Stephenville city councilman Alan Nix gave an update on the Eastside Sewer Project during Tuesday's meeting and said the project has run into some unexpected issues.
Nix said the committee is having difficulty with the proposed alignment that they may not be able to overcome.
“This funding mechanism that we have and the timeline that we have says that we need to have everything in the ground and be substantially completed with a specified time. The sad truth is, we’ve run into some property owners that we will require easements from if we use the open trench method to cross their properties, that at this point are unresponsive or uncooperative,” he said.
Although several property owners have consented to allow access for survey, several have expressed concern about the location of the pipeline, the damage an open-cut method of installation may cause to their property, as well as concerns regarding the protection of trees along the pipeline route.
Director of Public Works Nick Williams has proposed an alternate route that will use tunneling, rather than the open trench method that was considered in the beginning and will utilize the existing right-of-way under Old Hico Road to expedite the start of construction.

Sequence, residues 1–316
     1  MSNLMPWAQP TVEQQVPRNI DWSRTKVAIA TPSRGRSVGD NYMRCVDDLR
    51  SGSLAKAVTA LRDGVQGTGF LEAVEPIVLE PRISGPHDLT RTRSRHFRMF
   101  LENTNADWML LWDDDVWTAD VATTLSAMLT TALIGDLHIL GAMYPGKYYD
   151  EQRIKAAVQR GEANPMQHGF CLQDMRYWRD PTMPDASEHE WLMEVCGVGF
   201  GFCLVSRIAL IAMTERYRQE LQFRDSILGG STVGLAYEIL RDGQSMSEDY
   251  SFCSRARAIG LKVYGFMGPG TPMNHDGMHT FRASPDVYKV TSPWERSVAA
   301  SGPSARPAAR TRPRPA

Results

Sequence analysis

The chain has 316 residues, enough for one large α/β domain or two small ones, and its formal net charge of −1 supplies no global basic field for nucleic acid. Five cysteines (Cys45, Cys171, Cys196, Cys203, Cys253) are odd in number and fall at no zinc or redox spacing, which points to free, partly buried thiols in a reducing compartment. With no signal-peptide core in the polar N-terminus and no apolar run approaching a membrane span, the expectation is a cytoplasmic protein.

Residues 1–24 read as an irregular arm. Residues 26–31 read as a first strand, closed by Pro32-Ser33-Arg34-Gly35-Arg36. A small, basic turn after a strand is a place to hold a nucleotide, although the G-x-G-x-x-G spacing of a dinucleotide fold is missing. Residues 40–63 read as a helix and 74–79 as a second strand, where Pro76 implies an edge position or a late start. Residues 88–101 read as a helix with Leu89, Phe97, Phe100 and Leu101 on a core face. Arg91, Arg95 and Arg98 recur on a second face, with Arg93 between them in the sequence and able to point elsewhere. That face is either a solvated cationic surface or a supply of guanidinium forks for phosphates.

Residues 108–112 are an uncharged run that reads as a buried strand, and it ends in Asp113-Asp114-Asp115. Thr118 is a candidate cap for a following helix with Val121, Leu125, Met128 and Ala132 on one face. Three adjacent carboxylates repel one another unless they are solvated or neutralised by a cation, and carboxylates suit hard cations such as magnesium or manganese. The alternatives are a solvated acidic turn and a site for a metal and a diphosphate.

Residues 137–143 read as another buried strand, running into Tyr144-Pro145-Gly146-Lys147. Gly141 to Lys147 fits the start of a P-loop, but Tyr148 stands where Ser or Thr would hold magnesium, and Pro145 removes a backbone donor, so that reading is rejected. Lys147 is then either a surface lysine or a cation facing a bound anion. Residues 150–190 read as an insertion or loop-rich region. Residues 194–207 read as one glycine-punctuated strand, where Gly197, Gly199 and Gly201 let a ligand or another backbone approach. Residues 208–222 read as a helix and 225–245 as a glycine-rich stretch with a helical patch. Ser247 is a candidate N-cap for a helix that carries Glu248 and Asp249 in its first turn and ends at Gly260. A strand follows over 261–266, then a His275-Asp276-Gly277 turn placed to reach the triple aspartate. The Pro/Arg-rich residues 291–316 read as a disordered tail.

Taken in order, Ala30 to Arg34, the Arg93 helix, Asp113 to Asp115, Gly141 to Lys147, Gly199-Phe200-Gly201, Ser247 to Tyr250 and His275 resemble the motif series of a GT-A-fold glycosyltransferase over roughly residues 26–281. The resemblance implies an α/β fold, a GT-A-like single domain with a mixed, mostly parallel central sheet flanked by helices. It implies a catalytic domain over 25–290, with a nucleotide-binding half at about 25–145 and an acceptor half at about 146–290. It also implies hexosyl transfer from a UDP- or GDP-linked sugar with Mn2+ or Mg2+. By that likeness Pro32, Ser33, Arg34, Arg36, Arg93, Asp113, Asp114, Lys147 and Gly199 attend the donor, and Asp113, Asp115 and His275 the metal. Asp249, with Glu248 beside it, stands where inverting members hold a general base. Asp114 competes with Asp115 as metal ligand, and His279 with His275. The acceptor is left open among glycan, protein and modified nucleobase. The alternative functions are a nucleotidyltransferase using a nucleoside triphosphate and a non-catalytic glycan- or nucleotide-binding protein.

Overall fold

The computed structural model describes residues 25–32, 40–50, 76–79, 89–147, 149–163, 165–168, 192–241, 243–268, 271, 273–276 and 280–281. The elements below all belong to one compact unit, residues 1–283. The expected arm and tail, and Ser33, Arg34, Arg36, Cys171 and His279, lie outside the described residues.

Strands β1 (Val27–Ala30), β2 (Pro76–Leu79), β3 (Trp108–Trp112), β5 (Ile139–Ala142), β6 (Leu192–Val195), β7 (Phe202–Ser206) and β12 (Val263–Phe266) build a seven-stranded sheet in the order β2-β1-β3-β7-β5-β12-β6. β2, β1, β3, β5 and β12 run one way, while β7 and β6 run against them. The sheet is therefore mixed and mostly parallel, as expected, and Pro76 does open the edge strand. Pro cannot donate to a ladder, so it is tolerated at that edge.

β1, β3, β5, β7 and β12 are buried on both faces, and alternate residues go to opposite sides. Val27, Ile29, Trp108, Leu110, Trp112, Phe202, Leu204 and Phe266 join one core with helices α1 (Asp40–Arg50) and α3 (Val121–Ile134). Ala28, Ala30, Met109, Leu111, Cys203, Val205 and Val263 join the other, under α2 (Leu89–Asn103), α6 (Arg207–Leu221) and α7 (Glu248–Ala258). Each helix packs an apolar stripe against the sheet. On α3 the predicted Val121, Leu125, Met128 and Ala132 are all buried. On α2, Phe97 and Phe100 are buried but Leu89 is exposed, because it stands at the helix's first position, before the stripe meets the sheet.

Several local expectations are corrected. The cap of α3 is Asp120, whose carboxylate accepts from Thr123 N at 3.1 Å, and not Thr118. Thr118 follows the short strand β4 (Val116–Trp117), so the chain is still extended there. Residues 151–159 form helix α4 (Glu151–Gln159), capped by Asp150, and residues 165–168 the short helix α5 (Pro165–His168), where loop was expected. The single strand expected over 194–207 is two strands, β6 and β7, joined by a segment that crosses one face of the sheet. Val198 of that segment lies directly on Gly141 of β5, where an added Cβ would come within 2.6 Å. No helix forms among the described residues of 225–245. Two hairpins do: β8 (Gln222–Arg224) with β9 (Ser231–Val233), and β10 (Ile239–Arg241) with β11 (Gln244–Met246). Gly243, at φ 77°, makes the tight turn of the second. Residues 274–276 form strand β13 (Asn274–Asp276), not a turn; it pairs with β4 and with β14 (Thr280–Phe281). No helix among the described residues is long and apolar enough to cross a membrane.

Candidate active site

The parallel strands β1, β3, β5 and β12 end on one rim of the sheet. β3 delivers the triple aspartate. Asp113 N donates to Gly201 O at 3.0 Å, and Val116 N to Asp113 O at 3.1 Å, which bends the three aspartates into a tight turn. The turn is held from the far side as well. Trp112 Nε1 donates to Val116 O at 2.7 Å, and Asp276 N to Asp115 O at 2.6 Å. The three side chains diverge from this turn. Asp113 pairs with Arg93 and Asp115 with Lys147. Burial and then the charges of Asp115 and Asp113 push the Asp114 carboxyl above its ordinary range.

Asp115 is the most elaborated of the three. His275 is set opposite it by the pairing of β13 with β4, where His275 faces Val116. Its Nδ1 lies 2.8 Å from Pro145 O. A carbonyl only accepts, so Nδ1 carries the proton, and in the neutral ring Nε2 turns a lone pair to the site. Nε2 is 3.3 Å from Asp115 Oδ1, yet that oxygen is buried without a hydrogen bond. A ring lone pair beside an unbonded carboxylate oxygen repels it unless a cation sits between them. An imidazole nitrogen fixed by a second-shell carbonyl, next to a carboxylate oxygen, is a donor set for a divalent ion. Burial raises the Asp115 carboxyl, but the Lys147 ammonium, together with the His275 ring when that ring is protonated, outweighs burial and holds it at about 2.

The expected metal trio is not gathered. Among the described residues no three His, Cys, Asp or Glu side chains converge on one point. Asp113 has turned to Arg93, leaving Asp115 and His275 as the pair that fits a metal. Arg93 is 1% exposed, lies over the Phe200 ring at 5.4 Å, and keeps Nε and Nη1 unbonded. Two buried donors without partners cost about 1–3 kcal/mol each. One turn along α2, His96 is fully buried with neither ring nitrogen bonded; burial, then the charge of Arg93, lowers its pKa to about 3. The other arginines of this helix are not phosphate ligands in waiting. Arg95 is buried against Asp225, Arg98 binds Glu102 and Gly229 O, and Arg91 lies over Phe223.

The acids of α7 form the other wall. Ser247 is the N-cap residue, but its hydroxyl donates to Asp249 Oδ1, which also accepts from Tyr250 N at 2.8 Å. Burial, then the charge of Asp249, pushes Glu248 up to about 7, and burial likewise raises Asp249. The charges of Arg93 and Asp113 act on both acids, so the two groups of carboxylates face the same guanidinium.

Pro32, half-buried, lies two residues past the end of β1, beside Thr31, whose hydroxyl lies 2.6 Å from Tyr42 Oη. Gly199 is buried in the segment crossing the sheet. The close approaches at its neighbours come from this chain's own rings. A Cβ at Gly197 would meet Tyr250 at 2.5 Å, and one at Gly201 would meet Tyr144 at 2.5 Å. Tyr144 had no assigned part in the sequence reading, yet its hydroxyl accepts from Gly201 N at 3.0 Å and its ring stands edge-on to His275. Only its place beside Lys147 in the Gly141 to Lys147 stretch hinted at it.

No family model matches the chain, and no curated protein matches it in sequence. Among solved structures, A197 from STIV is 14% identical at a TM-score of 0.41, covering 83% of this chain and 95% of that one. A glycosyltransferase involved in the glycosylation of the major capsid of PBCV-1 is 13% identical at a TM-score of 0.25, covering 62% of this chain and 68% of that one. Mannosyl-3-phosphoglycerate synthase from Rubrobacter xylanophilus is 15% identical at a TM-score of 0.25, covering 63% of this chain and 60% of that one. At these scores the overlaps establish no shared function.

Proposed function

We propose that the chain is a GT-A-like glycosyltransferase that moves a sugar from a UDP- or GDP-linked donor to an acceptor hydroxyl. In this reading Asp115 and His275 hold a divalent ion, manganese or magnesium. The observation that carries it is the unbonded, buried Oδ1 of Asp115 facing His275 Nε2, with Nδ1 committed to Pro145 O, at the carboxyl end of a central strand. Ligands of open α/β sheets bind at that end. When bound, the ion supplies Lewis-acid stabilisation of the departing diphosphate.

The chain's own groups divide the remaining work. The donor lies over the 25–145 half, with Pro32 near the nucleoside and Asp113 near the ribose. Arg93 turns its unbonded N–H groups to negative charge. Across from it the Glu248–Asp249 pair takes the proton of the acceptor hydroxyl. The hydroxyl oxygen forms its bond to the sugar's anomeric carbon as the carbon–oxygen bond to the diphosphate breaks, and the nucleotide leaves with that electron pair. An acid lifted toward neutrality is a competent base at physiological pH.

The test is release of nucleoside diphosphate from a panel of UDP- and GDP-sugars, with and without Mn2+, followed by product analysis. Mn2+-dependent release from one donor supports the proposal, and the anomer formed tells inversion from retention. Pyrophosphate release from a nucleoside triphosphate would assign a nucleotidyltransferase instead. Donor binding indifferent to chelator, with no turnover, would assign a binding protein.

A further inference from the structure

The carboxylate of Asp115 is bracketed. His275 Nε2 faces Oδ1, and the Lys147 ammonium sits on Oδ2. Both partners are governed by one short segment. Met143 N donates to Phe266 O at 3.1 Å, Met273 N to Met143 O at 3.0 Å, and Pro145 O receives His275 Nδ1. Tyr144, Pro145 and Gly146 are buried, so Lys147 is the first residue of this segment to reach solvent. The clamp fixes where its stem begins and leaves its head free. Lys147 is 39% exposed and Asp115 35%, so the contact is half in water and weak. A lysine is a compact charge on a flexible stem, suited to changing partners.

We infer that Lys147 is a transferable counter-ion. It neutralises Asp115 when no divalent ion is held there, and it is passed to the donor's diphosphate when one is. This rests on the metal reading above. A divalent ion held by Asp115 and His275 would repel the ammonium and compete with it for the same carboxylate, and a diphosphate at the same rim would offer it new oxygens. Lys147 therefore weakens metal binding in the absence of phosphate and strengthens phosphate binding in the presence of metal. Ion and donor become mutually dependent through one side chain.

“There are several advantages to doing this because it opens up an area along 108 and then along the Old Hico Road. There’s a large triangle there that can be serviced from this alternate alignment that would not be serviced from the previous alignment,” Nix said. “The downside is the tunnel method will probably be more costly and to determine more accurately what the cost of that will be, we are already doing some soil testing to determine what the soil conditions are at depth for this pipeline. If my memory is correct, this pipeline is going to be 75 to 100-feet deep in this area.”
Nix said the alternate route they’re exploring will eliminate a significant number of property owners and potential problems that they’re having.
He said the alternate route will probably have cost disadvantages and that they may not have funding for phase two and three.
“My opinion is we need to get pipe in the ground as quickly as we can. We need to be servicing the people that we can service. This has some advantages. We may not be adequately funded to do phase two or phase three, but when we get this done and get the bids back on phase one, we’ll know for sure where we are funding-wise on the whole project,” he said.
Nix proposed that the council wait until they get the results back from the soil sampling and have a better idea on how much the new alignment will cost.
“It’s my opinion that we should let staff continue to investigate this and when they have the soil sampling back, then based on that, [Nick] will have a more accurate estimate on what this realignment will cost. Until we have bids in hand, we won’t know exactly what any of it is going to cost, but I think it’s in our best interest and the best interest of the project to let staff go ahead and gather as much information as possible and bring it back to us,” he said.